Cotton Mill Colic

Here's a mill song from the 1920's, one of several variations similar to ''Leven Cent Cotton, Forty Cent Meat' by Bob Miller and Emma Dermer. This version was recorded by North Carolina singer and textile worker David McCarn for Victor in Memphis Tennessee,May 1930. I learned it from the singing of the brothers Seeger (Mike and Pete - separately).

Here is what David McCarn said about the song.

If you were lucky enough to have a job, you didn't make very much and, in other words, wages didn't compare with the price of food. Food was always higher than the wages. In other words, if the cotton mill announced that they meant to raise a few cents, groceries would automatically go up before the raise come. So there was no point in the raise, it didn't help any; the wages probably made it a little worse. Some people had good jobs - I mean they didn't work too hard - but you didn't make too much and things got worse after that, especially after 'Twenty-nine'. And it was bad enough before! The way times were and the way things were going and the mills were running, I imagine that was where I got the idea for 'Cotton Mill Colic'.


When you buy clothes on easy terms,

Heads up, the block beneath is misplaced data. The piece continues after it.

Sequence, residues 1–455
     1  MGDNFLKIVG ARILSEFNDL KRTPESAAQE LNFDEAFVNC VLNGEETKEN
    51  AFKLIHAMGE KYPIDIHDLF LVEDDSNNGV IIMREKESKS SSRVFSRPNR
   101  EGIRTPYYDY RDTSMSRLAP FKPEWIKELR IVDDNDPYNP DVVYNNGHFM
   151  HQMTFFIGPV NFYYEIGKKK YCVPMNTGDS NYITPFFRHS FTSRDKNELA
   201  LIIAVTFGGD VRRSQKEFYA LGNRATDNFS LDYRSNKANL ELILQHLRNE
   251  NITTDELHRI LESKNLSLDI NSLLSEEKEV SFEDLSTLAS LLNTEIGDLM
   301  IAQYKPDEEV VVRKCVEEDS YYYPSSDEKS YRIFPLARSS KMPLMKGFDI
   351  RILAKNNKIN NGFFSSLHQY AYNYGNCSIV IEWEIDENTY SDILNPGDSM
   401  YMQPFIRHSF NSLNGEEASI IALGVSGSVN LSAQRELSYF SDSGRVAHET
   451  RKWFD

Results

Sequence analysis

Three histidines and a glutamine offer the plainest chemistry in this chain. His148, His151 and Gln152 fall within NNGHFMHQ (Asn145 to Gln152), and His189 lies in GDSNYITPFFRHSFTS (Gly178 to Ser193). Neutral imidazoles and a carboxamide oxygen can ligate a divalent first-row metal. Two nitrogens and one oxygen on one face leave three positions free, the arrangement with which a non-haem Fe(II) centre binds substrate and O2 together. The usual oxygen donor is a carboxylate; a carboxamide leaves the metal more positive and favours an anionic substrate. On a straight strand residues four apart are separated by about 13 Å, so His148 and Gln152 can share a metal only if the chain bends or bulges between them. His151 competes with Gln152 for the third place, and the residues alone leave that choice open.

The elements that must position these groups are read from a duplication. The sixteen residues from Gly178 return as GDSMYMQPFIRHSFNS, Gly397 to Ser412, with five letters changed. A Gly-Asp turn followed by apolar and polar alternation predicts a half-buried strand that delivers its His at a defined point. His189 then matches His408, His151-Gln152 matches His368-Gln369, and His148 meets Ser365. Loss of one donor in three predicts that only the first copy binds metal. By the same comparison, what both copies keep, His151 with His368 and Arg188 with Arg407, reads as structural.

Collectors treat you like measly worms.
One dollar down, then the Lord knows,
You don't make the payments they'll take your clothes.
Go to bed at night, you can't sleep,
You owe so much at the end of the week.
No use to colic, they're all that way,
Pecking at your door 'till they get your pay.
I'm gonna starve and everybody will.
You can't make a living at a cotton mill.

Twelve bucks a week is all we get,
How in the heck can you live on that?
I got a wife and fourteen kids,
We all sleep on two bedsteads.
Got patches on my britches, holes in my hat,
Haven't had a shave since the wife got fat.
No use to colic every day at noon,
The kids get to cryin' in a different tune,
I'm gonna starve and everybody will,
You can't make a living in a cotton mill.

When you got to work, you work like the devil,
At the end of the week you're not on the level,
Payday comes, you pay your rent,
When you get through you haven't got a cent,
You buy fatback meat, pinto beans,
Now and then we get turnip greens,
No use to colic we're all that way,
Can't get the money to move away,
I'm gonna starve and everybody will,
You can't make a living at a cotton mill.

We run for a few days and then they'll stand,
Just to keep down the working man,
We can't make it, we never will,
As long as we work in the lousy mill,
The poor are gettin' poorer and the rich are gettin' rich,
If I don't starve I'm a son of a (whatever),
No use to colic, no use to rave,
We'll never rest till we're in our grave,
I'm gonna starve and everybody will,
You can't make a living at a cotton mill.

C Standard